Lithium batteries began with the pioneering work of G.N and Lewis in the 1910s. The first Li/(CF)n lithium primary battery was sold in the 1970s, and its cathode material (CF)n is a compound of fluorine and carbon that can intercalate and desorb lithium. American researchers have tried to develop Li/Mn02 batteries, but they were unsuccessful due to problems in humidity control, battery structure, and assembly technology. In 1973, Japan became the first country to commercialize Li/MnO2 batteries. The batteries used organic solvents instead of water solvents to achieve a working voltage of up to 3v, and soon gained universal recognition. These works laid the foundation for the birth of the first lithium secondary battery in Japan.
According to different cathode materials, the early development of lithium primary batteries include Li/(CF)n batteries, Li/MnO2 batteries, Li/SO2 batteries and Li/SOCL2 batteries. Among them, Li/MnO2 batteries are the most widely used. Although Li/SO2 batteries and Li/SOCl2 batteries have excellent low-temperature performance and durability, due to the presence of harmful substances, these two batteries are limited to military use.
With the discovery of (CF)n cathode materials with a layered structure that can intercalate lithium in primary batteries in the 1970s, a large number of studies have focused on finding intercalable compounds with both high conductivity and high electrochemical reactivity. . The study found that chalcogenide compounds such as TiS2 can undergo interlayer intercalation and desorption reactions. This discovery laid the foundation for the development of lithium secondary battery commercial technology. as the picture shows,
TiS2 is a light semi-metal with a layered structure and can be directly used as an electrode material without adding a conductive agent. Because its structure can remain unchanged during battery charging and discharging, the insertion and extraction of lithium are reversible. However, the material is difficult to synthesize and the cost is high, which limits its commercial development. In 1989, Moli Energy of Canada developed a metal lithium secondary battery using MoS2 as the positive electrode material, but the dendritic growth of the lithium negative electrode would bring safety problems such as internal short circuit and combustion.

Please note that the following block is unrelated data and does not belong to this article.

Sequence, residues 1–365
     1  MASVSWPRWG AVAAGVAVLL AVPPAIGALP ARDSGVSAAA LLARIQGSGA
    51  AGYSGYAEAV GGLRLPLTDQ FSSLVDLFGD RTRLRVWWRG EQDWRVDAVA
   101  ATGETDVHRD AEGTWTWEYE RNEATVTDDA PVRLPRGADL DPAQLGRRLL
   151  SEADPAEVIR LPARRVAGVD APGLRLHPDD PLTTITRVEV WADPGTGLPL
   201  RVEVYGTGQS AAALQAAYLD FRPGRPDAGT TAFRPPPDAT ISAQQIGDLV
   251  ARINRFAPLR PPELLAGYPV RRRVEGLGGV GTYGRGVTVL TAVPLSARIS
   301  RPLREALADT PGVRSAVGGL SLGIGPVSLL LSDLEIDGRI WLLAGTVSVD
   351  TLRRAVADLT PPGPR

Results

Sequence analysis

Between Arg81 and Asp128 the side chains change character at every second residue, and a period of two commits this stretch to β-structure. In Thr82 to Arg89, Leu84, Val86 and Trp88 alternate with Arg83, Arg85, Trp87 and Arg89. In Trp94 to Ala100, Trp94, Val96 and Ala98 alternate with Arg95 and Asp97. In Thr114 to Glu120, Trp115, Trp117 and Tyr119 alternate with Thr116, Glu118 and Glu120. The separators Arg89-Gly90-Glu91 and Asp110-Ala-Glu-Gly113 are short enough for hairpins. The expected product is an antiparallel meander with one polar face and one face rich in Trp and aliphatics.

In addition to low-potential sulfides, some oxides have also been considered as cathode materials for lithium batteries, but they have not been commercialized. Until 1991, after the successful commercialization of lithium secondary batteries with LiCoO2 as the positive electrode and carbon as the negative electrode, a large amount of research and development on cathode materials was initiated. When LiCoO2 is used as a positive electrode, the carbon of the negative root can form LixC6 compound through the intercalation of lithium ions, thus avoiding the problem of internal short circuit caused by dendritic growth caused by using lithium metal as the negative electrode. The reduction potential of carbon is 0.1-0.3V higher than that of lithium metal, but the high potential of LiCoO2 can offset this effect. The average voltage of carbon/LiCoO2 batteries can reach 3.7 V, and the potassium ion diffusion coefficient of LiCoO2 is 5×10﹣9cm2/s , Which is similar to LiTis2 (10 ﹣8cm2/s). Its electronic conductivity is related to the amount of lithium inserted, which is between semiconductors and metals.
With the commercialization of LiCoO2, various types of cathode materials have been widely studied. Among them, materials with higher capacity include: LiMn2O4 with a stable spinel structure and LiNi02 which can insert and release 70% of lithium. However, the relative capacity of spinel LiMn2O4 is low, and at the same time, the dissolution of manganese at high temperature will cause performance degradation; while LiMn2O4 has safety problems. In order to solve these problems, the advantages of LiCoO2, LiNiO2 and LiMn2O4 are integrated in the ternary material Li[Ni, Mn, Co] O2. The iron-containing olivine-type LiFePO4 has also been widely studied. The figure shows the relationship between the potential and capacity of the material between 3~4V.